It’s cynical of me to say so, but there’s money in misery. But, suffering is a part of life. As Woody Allen lamented:
Life is full of misery, loneliness and suffering—and it’s all over much too soon.
I’ll never be a fan of misery memoirs, though perhaps I should write one, as this genre is said to be the most rapidly expanding. Many stories of suffering have been faked, though I was impressed by Jung Chang’s Wild Swans.
I write in the crime genre, which enables me to tackle some contentious issues in society, as well as the vile behaviour of criminals and the deplorable attitude of the public who get a thrill out of being gawkers and trolls.
I’ve written about murder, kidnapping, poisoning, sexual assault, blackmail, prostitution, drug dealing, incest, violent assault, genocide and human trafficking. Some of these crimes were prompted by unpleasant human events, such as mental illness, bereavement, suicide and assisted suicide, long-term unemployment and debt, cancer, PTSD, and homelessness.
These are things that have happened to my friends, acquaintances and family members, though I never write so closely that they could be identified. Some crimes, accidents and tragedies are stuff I remembered from the news, going right back to my boyhood. For instance, my last novel includes a corpse being found incompletely embalmed, which is a newspaper story I recalled from the 1960s where a man attempted to preserve his wife in this way, living with her body for thirty years. This only came to light, after he died alone and his putrefying remains alerted neighbours that something was amiss. He was laying on the bed next to his beloved.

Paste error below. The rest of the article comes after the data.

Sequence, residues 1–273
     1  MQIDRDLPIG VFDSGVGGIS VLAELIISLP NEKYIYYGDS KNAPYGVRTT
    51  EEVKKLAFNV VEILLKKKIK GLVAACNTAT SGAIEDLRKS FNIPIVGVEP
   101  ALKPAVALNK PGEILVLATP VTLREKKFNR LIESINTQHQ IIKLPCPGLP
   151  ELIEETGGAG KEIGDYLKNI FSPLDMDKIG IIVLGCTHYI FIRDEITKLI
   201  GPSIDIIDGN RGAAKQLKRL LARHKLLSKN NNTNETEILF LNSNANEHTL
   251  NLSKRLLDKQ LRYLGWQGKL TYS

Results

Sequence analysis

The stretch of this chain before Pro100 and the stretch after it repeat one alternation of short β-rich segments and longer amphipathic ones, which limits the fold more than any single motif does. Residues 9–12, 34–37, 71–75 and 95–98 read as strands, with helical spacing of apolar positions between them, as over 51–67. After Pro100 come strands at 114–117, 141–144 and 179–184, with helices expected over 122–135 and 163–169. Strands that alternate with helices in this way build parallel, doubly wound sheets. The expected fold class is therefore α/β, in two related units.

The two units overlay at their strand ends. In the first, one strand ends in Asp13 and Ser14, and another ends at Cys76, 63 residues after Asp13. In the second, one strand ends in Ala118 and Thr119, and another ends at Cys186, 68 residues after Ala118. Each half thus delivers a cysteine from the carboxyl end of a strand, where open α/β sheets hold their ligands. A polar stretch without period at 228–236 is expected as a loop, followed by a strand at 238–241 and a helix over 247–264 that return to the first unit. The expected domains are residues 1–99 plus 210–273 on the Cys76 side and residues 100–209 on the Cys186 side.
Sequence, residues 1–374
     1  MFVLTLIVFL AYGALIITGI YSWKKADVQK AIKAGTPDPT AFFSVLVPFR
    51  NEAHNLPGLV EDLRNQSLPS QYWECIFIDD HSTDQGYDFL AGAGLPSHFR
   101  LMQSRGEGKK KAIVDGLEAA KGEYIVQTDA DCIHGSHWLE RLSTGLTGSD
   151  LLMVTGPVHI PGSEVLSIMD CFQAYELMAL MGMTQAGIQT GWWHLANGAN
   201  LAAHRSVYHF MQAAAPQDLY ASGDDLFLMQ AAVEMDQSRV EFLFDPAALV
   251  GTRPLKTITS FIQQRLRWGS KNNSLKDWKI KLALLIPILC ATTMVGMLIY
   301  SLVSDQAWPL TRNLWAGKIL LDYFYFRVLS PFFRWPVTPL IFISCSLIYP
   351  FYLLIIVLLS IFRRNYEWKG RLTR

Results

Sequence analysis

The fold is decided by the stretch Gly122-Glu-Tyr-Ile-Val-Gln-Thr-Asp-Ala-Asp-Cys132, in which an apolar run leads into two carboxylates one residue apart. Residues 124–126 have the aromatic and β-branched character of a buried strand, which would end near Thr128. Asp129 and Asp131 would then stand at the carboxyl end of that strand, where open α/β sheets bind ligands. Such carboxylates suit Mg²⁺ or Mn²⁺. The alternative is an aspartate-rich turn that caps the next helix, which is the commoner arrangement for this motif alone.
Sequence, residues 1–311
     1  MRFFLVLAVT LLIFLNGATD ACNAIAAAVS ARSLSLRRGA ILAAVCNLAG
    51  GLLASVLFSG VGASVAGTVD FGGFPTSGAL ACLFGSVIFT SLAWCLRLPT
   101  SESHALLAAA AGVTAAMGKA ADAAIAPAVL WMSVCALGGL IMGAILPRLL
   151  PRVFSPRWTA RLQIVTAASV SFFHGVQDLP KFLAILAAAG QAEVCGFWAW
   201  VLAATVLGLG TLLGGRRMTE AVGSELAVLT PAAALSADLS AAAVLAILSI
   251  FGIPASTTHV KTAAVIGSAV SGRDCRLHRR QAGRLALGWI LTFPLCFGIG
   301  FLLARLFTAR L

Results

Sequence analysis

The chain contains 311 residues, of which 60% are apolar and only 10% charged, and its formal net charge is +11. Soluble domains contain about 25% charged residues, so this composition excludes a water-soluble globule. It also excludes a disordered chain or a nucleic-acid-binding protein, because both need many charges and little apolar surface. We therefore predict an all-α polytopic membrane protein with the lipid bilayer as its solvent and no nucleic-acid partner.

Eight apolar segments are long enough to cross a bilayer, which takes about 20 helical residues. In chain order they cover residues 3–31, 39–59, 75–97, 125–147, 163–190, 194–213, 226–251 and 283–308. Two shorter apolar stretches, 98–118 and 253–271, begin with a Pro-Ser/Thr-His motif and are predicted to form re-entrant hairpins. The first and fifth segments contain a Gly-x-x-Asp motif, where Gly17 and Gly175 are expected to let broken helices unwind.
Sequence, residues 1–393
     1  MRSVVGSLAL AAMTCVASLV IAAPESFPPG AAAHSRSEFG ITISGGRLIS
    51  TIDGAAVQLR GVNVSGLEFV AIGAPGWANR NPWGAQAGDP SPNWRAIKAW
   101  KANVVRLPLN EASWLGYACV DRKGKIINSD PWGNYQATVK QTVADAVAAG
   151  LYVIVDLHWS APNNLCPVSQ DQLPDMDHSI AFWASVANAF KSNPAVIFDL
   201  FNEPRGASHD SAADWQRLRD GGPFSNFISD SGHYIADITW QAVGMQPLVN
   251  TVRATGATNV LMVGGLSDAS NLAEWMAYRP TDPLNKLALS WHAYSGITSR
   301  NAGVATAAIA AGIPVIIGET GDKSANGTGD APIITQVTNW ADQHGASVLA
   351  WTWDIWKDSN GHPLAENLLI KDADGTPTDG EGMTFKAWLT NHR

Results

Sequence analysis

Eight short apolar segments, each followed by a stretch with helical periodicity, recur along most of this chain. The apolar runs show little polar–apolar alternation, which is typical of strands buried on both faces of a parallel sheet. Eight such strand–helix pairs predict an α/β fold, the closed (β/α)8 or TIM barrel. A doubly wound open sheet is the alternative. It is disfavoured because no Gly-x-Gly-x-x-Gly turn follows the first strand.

I also draw on first-hand knowledge, including violent confrontations and fights, (where I was sometimes on the losing end), meetings with career criminals and racists, a near-death experience, finding a corpse, being burgled and the ramifications of mistaken identity. I didn’t know it at the time, but my suffering has provided me with the perfect material for writing novels!
It’s said ‘To write what you know about’, but I have no way of telling whether the passages based on what actually happened to me read truer than those created by my imagination. In rough times, I certainly thought “This will make a great story one day,” which only goes to prove that my writerly brain was observant, even while dormant.
Have you ever written anything based on personal suffering, or of sadness that happened to those close to you?
Are there any books that make you howl with anguish? I recently read Plainsong, written by Kent Haruf, in which an abandoned pregnant girl is taken in by two farmer brothers. The kindness of these simple souls to her made me shed a tear—fortunately, I was on the loo at the time—so tissue paper was handy!
What do you think of misery lit?
Is there anything that you wouldn’t write about? I tackled paedophilia in my latest novel, The Dead Need Nobody, which made me uncomfortable, though I wrote about this most hideous of crimes partly as a plot device, to have my protagonist lose control of his temper to batter the offender so severely that he dies, meaning he gets suspended from duty. He was fighting for his life, stabbed with a sword and bleeding out, meaning he’s in a coma at the end. Quite what his fate will be in Book 6, I’ve yet to decide.
If reading can be therapeutic, I guess that writing about the dark side of life could be healing.